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So where, when the dust has settled, will the UK end up? It will become Canada. It will have a trade relationship with the EU similar to Canada’s. It will relate to the EU in a way not dissimilar to Canada’s relationship with the US. It will remain a middle-of-the-road democracy, like Canada, and not become, as David Davis, secretary of state for Brexit puts it, a “Mad Max” dystopia leading a regulatory race to the bottom. Finally, like Canada, it can seek a modestly positive global influence.
Michel Barnier, the EU’s chief negotiator, has explained why the UK’s future trading relationship with the EU will be similar to that in the EU-Canada Comprehensive Economic and Trade Agreement, or Ceta. This agreement allows both sides to enter into separate deals with other partners. It also puts Canada outside the EU’s customs union and single market. Thus Ceta provides limited benefits to providers of services.
As Mr Barnier notes, the UK’s “red lines” — no jurisdiction by the European Court of Justice, no free movement, no substantial ongoing financial contribution, and regulatory and trade policy autonomy — preclude membership of the European Economic Area. These red lines also rule out an agreement similar to that with Switzerland. The UK’s opposition to ECJ jurisdiction and the demand for regulatory autonomy precludes an association agreement like Ukraine’s. The demand for an independent trade policy precludes even a customs union agreement, such as the one with Turkey. When everything impossible is ruled out, what is left is an agreement like that with Canada.
Mr Barnier is likely to be proved right. One reason for believing so is that he usually is. Another is that the red lines are deeply embedded in the UK. Malcolm Rifkind, a former Conservative foreign secretary, is correct to say that the UK is unlikely to accept an obligation to follow EU regulations without a voice in them. If it were prepared to do so, it would make more sense for it to withdraw its application to leave the EU.
The Ceta model would impose real economic costs. In particular, UK suppliers of goods to the EU would have to meet rules on local content, while British suppliers of services would lose existing favourable access. But to avoid these outcomes, the UK would need to change its red lines or persuade the EU to change its position on essential matters.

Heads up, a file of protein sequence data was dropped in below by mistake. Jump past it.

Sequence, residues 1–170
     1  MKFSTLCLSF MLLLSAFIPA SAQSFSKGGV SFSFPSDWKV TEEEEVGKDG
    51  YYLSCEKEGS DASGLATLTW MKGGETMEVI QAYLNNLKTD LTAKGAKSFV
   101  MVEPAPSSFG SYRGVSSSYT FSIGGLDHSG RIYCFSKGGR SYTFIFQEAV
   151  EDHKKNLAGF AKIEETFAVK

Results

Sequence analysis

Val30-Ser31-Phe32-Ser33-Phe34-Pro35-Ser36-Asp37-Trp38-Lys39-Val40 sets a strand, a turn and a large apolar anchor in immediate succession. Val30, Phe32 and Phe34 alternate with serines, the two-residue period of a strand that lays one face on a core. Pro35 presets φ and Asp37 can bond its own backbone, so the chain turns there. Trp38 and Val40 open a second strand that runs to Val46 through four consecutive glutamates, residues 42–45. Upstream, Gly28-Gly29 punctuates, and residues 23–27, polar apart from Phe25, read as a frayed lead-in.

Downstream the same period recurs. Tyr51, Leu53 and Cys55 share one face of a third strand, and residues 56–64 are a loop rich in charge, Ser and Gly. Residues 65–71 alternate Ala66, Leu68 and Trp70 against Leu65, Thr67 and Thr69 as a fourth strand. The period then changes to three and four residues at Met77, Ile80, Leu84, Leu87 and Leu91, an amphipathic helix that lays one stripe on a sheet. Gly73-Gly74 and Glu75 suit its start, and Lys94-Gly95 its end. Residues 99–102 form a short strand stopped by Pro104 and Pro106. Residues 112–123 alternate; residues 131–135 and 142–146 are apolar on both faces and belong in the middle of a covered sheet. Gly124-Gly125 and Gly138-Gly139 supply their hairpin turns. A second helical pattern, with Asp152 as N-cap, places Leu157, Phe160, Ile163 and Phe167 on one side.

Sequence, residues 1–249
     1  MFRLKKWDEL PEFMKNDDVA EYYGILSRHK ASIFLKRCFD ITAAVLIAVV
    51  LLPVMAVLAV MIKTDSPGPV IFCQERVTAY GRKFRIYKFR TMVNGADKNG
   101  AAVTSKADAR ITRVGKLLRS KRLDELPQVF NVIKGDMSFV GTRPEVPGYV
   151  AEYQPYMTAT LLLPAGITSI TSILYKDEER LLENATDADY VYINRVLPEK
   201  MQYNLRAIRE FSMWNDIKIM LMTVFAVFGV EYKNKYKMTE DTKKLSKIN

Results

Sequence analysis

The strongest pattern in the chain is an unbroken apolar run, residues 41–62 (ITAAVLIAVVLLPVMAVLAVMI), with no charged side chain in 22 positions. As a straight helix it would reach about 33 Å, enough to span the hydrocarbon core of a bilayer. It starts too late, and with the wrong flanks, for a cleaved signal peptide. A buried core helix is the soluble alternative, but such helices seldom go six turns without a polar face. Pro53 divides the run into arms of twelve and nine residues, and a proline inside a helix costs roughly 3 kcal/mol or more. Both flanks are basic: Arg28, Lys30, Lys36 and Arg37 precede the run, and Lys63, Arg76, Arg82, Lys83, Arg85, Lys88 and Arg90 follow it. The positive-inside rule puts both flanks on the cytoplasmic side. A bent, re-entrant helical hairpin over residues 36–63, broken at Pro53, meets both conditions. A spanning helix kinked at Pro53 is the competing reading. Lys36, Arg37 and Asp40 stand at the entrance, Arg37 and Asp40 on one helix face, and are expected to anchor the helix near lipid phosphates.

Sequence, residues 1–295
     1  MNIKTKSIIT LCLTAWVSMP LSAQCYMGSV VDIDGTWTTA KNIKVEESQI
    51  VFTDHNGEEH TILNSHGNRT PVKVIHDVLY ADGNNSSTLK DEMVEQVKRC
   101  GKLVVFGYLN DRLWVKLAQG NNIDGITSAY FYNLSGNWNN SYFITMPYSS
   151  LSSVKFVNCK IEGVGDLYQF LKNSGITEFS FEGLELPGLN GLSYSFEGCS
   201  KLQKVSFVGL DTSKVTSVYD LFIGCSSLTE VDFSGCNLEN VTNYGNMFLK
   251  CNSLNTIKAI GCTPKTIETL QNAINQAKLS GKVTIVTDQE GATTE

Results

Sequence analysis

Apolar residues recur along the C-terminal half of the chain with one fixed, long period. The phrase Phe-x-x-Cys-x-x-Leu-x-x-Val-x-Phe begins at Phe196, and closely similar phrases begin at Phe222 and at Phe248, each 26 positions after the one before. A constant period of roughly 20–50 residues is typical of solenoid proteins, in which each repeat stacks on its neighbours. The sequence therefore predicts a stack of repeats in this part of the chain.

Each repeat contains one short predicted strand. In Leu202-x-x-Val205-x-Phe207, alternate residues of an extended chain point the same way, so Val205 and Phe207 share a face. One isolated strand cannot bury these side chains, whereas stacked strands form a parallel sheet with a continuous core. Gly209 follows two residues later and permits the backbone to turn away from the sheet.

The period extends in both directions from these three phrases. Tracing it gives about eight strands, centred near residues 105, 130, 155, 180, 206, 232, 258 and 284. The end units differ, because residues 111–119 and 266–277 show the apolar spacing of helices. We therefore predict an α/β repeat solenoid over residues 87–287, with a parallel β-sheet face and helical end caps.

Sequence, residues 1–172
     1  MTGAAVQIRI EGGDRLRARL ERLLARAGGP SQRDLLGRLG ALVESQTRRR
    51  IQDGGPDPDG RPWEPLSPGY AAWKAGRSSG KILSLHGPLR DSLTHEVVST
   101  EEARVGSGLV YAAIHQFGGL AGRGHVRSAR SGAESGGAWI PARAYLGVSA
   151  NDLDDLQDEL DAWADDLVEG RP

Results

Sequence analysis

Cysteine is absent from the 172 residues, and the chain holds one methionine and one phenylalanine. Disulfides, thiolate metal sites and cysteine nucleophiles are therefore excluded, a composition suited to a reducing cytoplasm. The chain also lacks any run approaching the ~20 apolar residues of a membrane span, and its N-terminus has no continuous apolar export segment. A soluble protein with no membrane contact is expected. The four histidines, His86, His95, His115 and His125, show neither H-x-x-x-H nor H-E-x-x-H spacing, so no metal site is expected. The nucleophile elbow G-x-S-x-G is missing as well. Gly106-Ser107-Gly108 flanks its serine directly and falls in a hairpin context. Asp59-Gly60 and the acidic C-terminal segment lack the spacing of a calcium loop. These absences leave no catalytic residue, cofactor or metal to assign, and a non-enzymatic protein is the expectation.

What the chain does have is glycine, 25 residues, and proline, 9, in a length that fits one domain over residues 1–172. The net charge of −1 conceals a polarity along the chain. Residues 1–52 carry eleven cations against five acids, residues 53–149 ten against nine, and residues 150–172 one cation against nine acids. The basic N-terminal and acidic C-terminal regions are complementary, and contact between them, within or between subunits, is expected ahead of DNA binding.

On the former, the UK might abandon its desire for trade policy autonomy in order to join a customs union agreement. It might accept free movement and so have an agreement similar to Switzerland’s. It might even accept a substantial role for the ECJ. But none of this currently looks at all likely.
On services, the government hopes for a process of “ managed divergence”, in which new UK regulations are recognised by the EU as equivalent in aim, if not in detail, to the EU’s own. The EU is likely to reject this: it smacks too much of the UK’s having its cake and eating it; it would set a dangerous precedent; it would be complex to agree and monitor such divergence; and it would demand trust in the UK’s good intentions — a trust that its own debate makes hard to sustain. Too many laud the opportunity to eliminate burdensome EU regulation, without being precise on what needs to go.
Some in the UK believe the country’s financial services industry brings such great blessings to the EU that the latter should go out of its way to keep it inside the single market. That was easier to argue before the financial crisis. Moreover, access to UK-based wholesale markets would remain, even if UK-based suppliers lost “passporting” privileges.
The most likely journey, then, via a temporary standstill of up to two years, is to a Canada-style deal. True, that might leave the problem of the Irish border unresolved. It would also impose substantial costs.
The recently leaked UK government analysis concludes that, under such a deal, UK gross domestic product might be 5 percentage points lower than it would otherwise be, after 15 years — a loss of about a fifth of the potential increase in output by that time. In this respect, of course, the UK’s position is very different from Canada’s: Ceta benefits Canada; such a post-Brexit deal would harm the UK. But that is the result of the decision to leave.
Once outside, the UK would, like Canada, have greater freedom over its regulatory regime. But it is a safe bet that a bonfire of UK regulatory, tax and public spending commitments is not going to occur. In the UK, as in Canada, little support exists for such radical policies.
Again, like Canada, the UK will want to strike new trade deals. It will seek to join existing free trade agreements and create new ones. The difficulty here is that the important deals (with the US, China or India) will be tough and the easy deals (with, say, Australia or Canada) will be unimportant. Furthermore, the iron law of trade applies: other things being equal, trade halves as distance doubles. That explains why the UK is as important a trading partner to the EU as the US, and the EU, in turn, is the UK’s dominant partner. New deals cannot offset what it will lose. Moreover, contrary to views advanced by the Legatum Institute in London, the UK will not be the new leader in global liberalisation. It is not big enough for that.
The UK will still need a fruitful relationship with the EU. It is also more powerful, relative to the EU, than Canada relative to the US, partly because it has a bigger economy than Canada’s (almost twice as large) and partly because the EU is not a federal state with huge armed forces. But the UK will often find its neighbour frustrating and overbearing. The price of being an outsider will be palpable and permanent. But big choices have big consequences.
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